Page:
The UK CMA has announced its preliminary approval of the Microsoft-Activision Blizzard merger this morning, pointing to "remedies" that allay its residual concerns with the newly-proposed deal.
In the new version, Microsoft declared that it would cede Activision cloud gaming rights to Ubisoft, which could then license out those rights, thus averting a cloud gaming monopoly on Microsoft's part.
Now, in a new announcement issued earlier today, the CMA has declared that this decision "substantially addresses previous concerns" and "opens the door to the deal being cleared".
The CMA says that although it has "limited residual concerns" with the deal, Microsoft has since submitted "remedies" that the authority says "should address these issues".
The CMA's concerns relate to the potential for the sale of Activision's cloud rights to Ubisoft to be "circumvented, terminated, or not enforced".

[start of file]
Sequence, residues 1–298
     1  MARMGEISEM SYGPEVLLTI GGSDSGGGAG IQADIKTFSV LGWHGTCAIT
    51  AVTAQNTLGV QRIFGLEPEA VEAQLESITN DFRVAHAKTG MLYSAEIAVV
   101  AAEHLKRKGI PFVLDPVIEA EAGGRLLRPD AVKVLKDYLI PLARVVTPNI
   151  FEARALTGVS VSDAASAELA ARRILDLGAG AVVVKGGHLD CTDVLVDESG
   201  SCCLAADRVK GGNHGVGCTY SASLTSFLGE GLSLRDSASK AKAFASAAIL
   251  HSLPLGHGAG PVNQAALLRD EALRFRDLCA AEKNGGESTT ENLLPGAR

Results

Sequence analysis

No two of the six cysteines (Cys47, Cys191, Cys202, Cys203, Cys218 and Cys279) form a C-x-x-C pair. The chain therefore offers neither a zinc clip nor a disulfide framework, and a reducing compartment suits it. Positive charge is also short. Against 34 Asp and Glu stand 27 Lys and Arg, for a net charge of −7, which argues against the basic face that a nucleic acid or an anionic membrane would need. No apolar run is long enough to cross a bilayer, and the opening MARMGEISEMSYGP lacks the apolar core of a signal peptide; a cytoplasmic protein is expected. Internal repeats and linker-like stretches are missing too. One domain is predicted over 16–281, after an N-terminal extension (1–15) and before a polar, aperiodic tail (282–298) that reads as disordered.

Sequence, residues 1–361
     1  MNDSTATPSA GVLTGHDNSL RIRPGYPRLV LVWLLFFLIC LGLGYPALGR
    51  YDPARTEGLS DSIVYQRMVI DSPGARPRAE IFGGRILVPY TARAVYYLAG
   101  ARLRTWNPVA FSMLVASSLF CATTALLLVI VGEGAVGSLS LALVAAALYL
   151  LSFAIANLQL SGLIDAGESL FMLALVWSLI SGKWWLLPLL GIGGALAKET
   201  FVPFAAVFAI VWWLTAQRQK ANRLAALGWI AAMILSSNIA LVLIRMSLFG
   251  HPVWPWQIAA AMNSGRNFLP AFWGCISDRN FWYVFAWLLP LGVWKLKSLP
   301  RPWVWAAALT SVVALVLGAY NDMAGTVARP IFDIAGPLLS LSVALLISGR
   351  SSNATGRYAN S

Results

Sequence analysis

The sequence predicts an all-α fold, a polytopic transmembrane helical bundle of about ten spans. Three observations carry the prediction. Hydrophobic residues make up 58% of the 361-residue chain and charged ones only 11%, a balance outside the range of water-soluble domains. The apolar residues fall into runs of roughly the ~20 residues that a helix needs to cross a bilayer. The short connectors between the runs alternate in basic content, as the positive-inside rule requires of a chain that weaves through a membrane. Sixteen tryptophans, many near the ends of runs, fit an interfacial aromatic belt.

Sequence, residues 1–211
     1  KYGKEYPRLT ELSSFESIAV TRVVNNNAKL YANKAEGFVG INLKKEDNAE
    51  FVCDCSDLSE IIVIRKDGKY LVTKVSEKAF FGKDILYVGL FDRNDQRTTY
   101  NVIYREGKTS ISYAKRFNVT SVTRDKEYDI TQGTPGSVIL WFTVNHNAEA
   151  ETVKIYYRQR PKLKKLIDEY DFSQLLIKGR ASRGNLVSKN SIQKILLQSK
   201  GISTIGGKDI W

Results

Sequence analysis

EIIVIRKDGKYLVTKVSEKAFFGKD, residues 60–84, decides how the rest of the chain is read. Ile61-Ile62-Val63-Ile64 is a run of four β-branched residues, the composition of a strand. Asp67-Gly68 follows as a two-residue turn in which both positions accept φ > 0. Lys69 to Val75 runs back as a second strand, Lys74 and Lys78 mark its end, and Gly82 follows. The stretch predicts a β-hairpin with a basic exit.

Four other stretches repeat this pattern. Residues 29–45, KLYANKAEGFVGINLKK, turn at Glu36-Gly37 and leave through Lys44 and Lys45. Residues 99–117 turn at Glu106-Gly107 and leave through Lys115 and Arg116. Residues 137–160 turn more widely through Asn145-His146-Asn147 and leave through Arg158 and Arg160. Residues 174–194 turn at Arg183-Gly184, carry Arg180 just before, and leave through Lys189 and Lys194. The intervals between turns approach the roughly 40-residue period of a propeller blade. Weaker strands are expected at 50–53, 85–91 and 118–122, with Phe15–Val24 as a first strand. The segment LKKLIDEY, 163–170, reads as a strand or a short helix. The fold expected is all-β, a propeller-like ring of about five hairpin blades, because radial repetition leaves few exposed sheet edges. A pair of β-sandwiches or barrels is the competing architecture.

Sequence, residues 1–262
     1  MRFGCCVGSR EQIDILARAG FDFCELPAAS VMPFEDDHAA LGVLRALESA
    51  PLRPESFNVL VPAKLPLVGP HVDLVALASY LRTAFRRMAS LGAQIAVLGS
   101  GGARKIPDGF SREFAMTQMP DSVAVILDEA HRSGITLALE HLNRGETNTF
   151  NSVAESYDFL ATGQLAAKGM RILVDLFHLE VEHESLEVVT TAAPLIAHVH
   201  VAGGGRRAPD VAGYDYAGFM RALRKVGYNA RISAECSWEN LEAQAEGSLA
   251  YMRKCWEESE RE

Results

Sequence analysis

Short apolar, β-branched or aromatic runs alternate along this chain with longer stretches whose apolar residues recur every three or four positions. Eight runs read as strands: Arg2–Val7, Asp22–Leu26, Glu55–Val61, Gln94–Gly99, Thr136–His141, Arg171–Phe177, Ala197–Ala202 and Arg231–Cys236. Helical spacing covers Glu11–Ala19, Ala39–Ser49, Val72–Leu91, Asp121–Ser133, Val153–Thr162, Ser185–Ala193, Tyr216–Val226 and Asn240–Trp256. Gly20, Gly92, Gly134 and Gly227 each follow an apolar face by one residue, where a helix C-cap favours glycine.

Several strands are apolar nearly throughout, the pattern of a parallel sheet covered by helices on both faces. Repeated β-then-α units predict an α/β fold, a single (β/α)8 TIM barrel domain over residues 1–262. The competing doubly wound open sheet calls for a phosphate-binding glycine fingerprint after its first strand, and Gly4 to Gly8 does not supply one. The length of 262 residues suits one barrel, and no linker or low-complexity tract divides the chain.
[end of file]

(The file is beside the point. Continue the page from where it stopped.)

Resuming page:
To address those concerns, Microsoft has added a proviso that the cloud rights sale would be "enforceable by the CMA".
This additional protection should, the CMA says, alleviate its concerns, and so a provisional approval has been issued.
For his part, Activision Blizzard head Bobby Kotick called the CMA's decision "a significant milestone for the merger" and said he "remain[s] optimistic" that the deal will complete.
It's important to note that this decision is preliminary and provisional; it's not binding yet, so the deal has yet to be given final approval.
In its announcement, the CMA says it has "opened a consultation" until October 6th, at which point a decision will be reached. As such, it's too early for Microsoft or Activision Blizzard to celebrate just yet.
Still, this is a significant step forward for the deal, and, as far as Microsoft is concerned, could well represent the easing of a major headache. We'll have to wait and see what happens next.